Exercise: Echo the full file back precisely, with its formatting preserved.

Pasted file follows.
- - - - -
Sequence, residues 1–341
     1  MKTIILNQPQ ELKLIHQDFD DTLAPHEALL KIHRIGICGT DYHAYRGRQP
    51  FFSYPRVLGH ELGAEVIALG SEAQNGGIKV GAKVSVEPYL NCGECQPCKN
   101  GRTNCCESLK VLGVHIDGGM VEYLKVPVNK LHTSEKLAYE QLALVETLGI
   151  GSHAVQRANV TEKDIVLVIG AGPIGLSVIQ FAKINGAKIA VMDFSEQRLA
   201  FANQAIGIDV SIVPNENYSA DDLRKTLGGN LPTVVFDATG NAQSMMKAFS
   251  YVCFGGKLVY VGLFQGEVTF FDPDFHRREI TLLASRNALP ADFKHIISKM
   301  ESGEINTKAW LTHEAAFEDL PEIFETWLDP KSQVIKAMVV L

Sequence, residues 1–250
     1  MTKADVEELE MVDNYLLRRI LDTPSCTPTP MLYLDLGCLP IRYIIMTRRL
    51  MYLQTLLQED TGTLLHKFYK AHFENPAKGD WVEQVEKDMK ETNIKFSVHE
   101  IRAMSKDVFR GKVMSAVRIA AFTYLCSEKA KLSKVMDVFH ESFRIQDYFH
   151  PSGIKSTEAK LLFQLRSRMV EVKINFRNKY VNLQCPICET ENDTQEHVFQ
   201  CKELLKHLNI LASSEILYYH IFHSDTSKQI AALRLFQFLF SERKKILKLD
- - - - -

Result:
Sequence, residues 1–341
     1  MKTIILNQPQ ELKLIHQDFD DTLAPHEALL KIHRIGICGT DYHAYRGRQP
    51  FFSYPRVLGH ELGAEVIALG SEAQNGGIKV GAKVSVEPYL NCGECQPCKN
   101  GRTNCCESLK VLGVHIDGGM VEYLKVPVNK LHTSEKLAYE QLALVETLGI
   151  GSHAVQRANV TEKDIVLVIG AGPIGLSVIQ FAKINGAKIA VMDFSEQRLA
   201  FANQAIGIDV SIVPNENYSA DDLRKTLGGN LPTVVFDATG NAQSMMKAFS
   251  YVCFGGKLVY VGLFQGEVTF FDPDFHRREI TLLASRNALP ADFKHIISKM
   301  ESGEINTKAW LTHEAAFEDL PEIFETWLDP KSQVIKAMVV L

Sequence, residues 1–250
     1  MTKADVEELE MVDNYLLRRI LDTPSCTPTP MLYLDLGCLP IRYIIMTRRL
    51  MYLQTLLQED TGTLLHKFYK AHFENPAKGD WVEQVEKDMK ETNIKFSVHE
   101  IRAMSKDVFR GKVMSAVRIA AFTYLCSEKA KLSKVMDVFH ESFRIQDYFH
   151  PSGIKSTEAK LLFQLRSRMV EVKINFRNKY VNLQCPICET ENDTQEHVFQ
   201  CKELLKHLNI LASSEILYYH IFHSDTSKQI AALRLFQFLF SERKKILKLD